Weekly Unemployment Payouts in State Skyrocket to Record $4.4 Billion


California's unemployment assistance payments have surged to record levels as the number of jobless residents has topped 3.1 million during the coronavirus pandemic. Bytemarks / CC BY 2.0

California doled out a record $4.4 billion in jobless benefits last week, more than triple the amount it paid out the previous week, data from the state’s Employment Development Department shows. In the week ending April 25, the state disbursed $1.4 billion in benefit payments.

“I have never seen anything to this degree or this magnitude,” said EDD Director Sharon Hilliard, a 37-year veteran of the department. Hilliard said staff in other California agencies have helped the department, but her agency is also hiring as quickly as it can to meet the demand during the coronavirus pandemic. 

About 3.1 million California residents are receiving unemployment benefits administered by the state, according to data the department released Thursday, which focused on the week that ended May 2.

The state  last week paid out $247 million in pandemic unemployment assistance, authorized by the federal financial assistance package known as the CARES Act for gig workers and others without traditional employment, and more than $4.1 billion in regular unemployment insurance benefits. The $4.4 billion distributed in the week ending May 2 nearly equaled the amount paid out over the previous seven weeks combined, when jobless residents in the state  received $4.5 billion.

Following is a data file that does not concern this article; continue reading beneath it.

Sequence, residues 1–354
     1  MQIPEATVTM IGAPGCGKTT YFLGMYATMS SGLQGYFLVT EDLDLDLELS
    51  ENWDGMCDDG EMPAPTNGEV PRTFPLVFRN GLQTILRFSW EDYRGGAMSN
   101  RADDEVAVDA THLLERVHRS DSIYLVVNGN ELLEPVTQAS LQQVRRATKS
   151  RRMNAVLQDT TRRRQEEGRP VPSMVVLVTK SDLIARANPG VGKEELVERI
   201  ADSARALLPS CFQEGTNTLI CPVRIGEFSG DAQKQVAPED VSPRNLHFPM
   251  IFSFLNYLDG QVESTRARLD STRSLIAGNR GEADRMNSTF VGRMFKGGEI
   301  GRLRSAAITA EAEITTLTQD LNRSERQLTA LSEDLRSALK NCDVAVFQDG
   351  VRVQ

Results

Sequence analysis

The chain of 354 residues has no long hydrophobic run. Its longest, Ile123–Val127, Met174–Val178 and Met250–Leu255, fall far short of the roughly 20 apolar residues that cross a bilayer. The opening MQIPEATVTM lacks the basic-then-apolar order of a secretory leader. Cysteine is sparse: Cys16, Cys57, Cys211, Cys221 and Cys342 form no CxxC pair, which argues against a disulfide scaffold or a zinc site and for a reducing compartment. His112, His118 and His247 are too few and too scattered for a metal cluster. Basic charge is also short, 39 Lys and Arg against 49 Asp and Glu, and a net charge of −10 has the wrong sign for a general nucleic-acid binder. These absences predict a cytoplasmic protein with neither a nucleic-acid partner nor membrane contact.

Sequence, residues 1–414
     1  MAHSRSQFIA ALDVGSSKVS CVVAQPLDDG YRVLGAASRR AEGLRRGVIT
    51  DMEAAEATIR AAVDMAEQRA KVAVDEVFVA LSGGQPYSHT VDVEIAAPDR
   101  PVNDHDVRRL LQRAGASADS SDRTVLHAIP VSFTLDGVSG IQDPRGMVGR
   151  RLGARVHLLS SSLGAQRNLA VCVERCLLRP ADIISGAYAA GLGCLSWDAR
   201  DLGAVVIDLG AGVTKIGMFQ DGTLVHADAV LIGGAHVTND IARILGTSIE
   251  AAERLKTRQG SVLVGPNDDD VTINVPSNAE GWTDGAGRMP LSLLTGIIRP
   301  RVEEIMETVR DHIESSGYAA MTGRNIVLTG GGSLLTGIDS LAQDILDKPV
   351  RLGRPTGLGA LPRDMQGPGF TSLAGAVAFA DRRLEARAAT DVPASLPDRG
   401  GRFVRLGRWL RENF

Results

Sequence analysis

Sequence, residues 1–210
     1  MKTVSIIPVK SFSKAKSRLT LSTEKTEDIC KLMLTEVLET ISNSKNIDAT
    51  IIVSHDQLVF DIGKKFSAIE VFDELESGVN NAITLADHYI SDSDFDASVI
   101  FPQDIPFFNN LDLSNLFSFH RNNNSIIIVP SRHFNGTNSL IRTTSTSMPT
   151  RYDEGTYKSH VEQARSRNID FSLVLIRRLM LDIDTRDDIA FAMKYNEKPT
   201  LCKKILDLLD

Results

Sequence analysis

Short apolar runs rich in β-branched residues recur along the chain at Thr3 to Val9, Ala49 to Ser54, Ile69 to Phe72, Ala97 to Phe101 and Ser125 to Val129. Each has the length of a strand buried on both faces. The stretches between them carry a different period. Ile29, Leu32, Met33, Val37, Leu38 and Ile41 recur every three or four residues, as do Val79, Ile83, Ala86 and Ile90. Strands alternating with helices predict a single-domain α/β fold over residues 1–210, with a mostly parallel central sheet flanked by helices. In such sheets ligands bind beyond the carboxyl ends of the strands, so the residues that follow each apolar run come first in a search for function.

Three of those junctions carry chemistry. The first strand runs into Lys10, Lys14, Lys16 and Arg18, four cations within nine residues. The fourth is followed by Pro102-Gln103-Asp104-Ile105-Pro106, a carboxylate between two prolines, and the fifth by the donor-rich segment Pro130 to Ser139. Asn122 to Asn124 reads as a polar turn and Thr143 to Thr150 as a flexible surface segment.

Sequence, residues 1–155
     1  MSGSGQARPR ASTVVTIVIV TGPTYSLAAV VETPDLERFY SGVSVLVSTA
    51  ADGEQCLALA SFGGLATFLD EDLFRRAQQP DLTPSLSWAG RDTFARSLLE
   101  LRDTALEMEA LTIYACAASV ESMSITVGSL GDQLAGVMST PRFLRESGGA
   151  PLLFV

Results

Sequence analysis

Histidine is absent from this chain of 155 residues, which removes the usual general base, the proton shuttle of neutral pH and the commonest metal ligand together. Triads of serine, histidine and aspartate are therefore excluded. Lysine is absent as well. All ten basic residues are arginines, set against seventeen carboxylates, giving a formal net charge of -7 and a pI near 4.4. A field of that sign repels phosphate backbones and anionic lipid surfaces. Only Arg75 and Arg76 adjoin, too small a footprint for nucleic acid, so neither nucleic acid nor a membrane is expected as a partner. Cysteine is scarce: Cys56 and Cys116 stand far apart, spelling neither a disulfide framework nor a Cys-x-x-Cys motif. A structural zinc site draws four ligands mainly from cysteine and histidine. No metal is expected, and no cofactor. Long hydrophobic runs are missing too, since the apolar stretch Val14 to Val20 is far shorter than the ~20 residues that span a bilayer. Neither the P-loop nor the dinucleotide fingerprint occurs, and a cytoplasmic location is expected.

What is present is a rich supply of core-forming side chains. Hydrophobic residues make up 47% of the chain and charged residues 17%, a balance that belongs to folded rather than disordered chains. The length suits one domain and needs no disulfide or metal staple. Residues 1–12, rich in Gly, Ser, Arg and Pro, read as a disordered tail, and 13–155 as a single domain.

Combined with last week’s payout, California residents have now received $8.9 billion in unemployment benefits over the last eight weeks.

Between April 26 and May 2, California residents filed 318,064 new claims for unemployment benefits and 297,745 new pandemic assistance claims. Regular unemployment benefits are funded by employers, pandemic-related benefits are funded by the federal government, and both are administered by states. 

To qualify for either type of benefits, a claimant must be a legal permanent resident of the United States or a U.S. citizen, or have been legally authorized to work in the U.S. when earning the wages used to establish the claim. The department notes, however, that some requirements — including proving each week that the claimant is actively seeking work — have been relaxed during the pandemic. 

In contrast to regular unemployment insurance, pandemic assistance is available to self-employed workers, business owners, independent contractors, workers with limited employment history and workers who have recently exhausted all the benefits available through regular unemployment insurance. Claimants must show that their job loss or their inability to find new work is a direct result of the pandemic.

CORRECTION: Adds that claimants authorized to work in the U.S. also qualify for unemployment benefits.

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